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Research Supports Checking Ban

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Research Supports Checking Ban November 19, 2012 7:38 AM

Nobody’s interested in the facts if they get in the way of what people want to believe.

In hockey, people apparently want to believe that bodychecking in the minor divisions prepares players for the robust contact they’ll encounter at higher levels of play when they enter "the real world" of competitive sport. They want to believe that the consequences are exaggerations by namby-pamby do-gooders who want to deprive children of an opportunity to build character through exposure to physical violence.

Thus, when a minor hockey executive in Alberta recently discussed getting rid of body-checking for peewees, irate Calgary parents and minor hockey officials drove him from office.

Advocating for reforms in minor hockey to reduce the most egregious and unnecessary injuries to the youngest and most vulnerable players sometimes feels – pardon the analogy – like beating one’s head against a brick wall.

But here we go again.

Yet another brain surgeon with a global reputation calls for steps to reduce head trauma for the youngest athletes – those under the age of 14 – whose stage of physical development makes them susceptible to disproportionate degrees of brain injury.

Robert Cantu of Boston University’s medical school – a lead researcher on a study of degenerative brain disease from repeated concussions – says kids younger than 14 are especially vulnerable to brain trauma because their heads are larger as a proportion of body size while the strength of supporting neck muscles are weaker than are those of more mature athletes.

This results in a "bobble-head" effect that amplifies the effects of robust physical contact. So the hit that an 18-yearold junior hockey player might easily shake off can cause significant injury to the brain of a peewee or bantam player.

Worse, the results of head trauma for young players might not even be evident to medical experts, let alone coaches, parents and players relying on such innovations as Hockey Canada’s smart phone app to advise them how to recognize symptoms.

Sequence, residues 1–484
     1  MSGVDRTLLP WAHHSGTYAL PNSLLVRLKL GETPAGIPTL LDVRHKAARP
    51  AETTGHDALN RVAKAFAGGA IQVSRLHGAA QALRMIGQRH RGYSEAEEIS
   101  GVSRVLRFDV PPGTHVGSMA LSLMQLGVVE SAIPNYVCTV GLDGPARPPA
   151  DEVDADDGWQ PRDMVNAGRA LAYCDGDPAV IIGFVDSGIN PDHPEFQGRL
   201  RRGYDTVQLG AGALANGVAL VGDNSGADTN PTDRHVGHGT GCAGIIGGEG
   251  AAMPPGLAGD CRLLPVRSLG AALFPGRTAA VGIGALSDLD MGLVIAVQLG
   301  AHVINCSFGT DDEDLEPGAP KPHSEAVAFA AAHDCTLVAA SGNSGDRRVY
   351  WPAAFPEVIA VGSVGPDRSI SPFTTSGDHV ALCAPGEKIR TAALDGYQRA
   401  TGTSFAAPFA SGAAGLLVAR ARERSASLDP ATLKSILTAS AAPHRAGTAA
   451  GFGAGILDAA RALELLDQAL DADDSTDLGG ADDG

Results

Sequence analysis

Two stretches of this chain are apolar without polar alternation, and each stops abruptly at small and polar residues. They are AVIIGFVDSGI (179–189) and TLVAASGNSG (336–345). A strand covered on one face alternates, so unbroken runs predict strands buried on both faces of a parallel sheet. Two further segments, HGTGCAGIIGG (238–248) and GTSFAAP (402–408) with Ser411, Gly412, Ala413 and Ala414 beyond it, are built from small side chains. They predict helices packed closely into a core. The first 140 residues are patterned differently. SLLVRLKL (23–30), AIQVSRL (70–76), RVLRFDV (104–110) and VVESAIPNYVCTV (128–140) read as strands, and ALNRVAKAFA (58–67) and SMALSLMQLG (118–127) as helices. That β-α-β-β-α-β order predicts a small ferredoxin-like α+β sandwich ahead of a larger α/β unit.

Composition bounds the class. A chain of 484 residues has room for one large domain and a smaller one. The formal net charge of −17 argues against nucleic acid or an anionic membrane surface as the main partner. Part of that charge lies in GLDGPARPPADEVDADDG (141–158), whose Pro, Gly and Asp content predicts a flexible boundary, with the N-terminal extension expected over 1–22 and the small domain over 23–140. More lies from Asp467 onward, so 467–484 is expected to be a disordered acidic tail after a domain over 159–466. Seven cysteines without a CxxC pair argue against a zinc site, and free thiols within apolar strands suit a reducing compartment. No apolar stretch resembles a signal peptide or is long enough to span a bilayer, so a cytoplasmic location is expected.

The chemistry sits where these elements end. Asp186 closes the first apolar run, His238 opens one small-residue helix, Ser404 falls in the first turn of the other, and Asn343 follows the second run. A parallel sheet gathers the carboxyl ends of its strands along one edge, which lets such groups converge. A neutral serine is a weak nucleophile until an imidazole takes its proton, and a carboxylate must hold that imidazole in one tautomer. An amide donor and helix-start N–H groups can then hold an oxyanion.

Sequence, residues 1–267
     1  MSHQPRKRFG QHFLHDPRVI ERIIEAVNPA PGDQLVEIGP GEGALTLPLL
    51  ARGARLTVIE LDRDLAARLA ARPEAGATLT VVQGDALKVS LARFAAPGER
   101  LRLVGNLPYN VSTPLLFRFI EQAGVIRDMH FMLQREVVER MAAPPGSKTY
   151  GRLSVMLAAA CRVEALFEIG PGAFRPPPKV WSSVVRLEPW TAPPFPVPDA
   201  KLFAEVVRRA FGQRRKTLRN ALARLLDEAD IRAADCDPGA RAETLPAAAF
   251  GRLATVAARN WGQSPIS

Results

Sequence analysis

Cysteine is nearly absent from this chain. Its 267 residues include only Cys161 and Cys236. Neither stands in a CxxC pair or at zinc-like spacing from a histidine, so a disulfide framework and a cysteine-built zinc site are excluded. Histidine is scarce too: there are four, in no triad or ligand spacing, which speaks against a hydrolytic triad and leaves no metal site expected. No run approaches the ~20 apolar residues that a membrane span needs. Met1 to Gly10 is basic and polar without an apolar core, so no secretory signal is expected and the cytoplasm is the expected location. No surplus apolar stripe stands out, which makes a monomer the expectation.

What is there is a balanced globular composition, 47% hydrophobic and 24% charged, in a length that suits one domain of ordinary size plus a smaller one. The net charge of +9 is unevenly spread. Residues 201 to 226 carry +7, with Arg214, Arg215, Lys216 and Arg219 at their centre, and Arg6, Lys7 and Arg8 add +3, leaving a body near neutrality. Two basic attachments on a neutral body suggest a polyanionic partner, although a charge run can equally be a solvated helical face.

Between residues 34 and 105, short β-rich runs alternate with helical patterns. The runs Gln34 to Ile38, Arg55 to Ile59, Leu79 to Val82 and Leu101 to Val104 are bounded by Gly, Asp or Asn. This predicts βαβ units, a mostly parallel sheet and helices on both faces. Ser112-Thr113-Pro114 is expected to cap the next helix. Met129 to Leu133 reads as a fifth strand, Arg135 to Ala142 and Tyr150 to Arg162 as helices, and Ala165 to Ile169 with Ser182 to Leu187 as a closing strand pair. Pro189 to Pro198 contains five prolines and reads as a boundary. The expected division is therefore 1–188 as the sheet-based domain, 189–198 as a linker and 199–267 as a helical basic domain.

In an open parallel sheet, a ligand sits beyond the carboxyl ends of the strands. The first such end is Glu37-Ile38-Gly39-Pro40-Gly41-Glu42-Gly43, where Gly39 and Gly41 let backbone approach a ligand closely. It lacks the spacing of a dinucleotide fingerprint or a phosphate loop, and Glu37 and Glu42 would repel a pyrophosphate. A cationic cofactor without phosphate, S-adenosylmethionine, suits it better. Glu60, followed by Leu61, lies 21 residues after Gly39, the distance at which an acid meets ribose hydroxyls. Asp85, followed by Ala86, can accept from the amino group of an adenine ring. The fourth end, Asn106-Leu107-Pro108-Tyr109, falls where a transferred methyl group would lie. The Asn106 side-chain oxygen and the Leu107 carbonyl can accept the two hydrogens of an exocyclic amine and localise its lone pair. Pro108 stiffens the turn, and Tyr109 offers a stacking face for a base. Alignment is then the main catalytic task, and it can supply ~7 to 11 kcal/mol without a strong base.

That idea’s not bad, since it raises awareness, but two problems accompany it. First, when concussion symptoms appear, the damage is already done and your kid’s brain is injured. Second, a recent study found that even pediatricians often don’t have the tools to diagnose and treat young patients with concussions, so good luck with that smart phone diagnosis.

Medical science now shows grim pathological evidence pointing to lifelong consequences from such injuries that can diminish the quality and length of life in later years.

Bill Barrable, CEO at the Rick Hansen Institute, drew my attention to some of this new research recently.

He’s been urging BC Hockey to follow the leads of Hockey Quebec and the Ontario Hockey Federation and just get rid of bodychecking in peewee hockey. It’s an element that is clearly not in the interests of the health, safety or enjoyment of the game for young players.

Furthermore, like Toronto neurologist Charles Tator, Bar-rable suggests a major re-think of programs that allow players from younger age levels to compete with older players. Two-tier age structures, which focus on skills rather than the disproportionate sizes of players and physical development, exacerbate the "bobblehead" effect that so concerns the Boston brain surgeon.

When we read stories about the recent suspension of a 14-year-old player from the Vancouver Island Amateur Hockey Association – benched after a series of bodychecks resulted in serious injuries for three opponents, including one ruptured spleen – it’s easy to see Barrable’s argument.

A study of bodychecking and associated injury risk for minor hockey players compared Quebec, where bodychecking in peewee is banned, with Alberta, where it’s endorsed. It then examined the injury rates at the next level, bantam, to discover whether those first introduced to body checking when they moved up were more susceptible to injuries than those exposed in peewee.

The findings were conclusive. The rate of injury for peewee players in Alberta was more than triple the rate for Quebec. The rate of diagnosed concussions for Alberta peewees was almost four times as great.

But in bantam, the injury rates were identical. Banning bodychecking for peewees had zero impact on their ability to play the more robust game at the higher level. But banning bodychecks for Alberta peewees would prevent more than a thousand serious injuries and more than 425 concussions each season. Add that up over a decade and you get a reduction of more than 10,000 seriously injured children and more than 4,250 brain injuries. This is significant.

The science-based evidence is quite clear. Bodycheck-ing should be abolished from peewee hockey. Foot-dragging, obfuscating and denial by adults betray the children whose well-being they are responsible for protecting. And they betray the principles of minor sport, which aims to improve children’s health and pleasure in physical fitness, not ruin it.

But who cares about the science when people want to believe otherwise?

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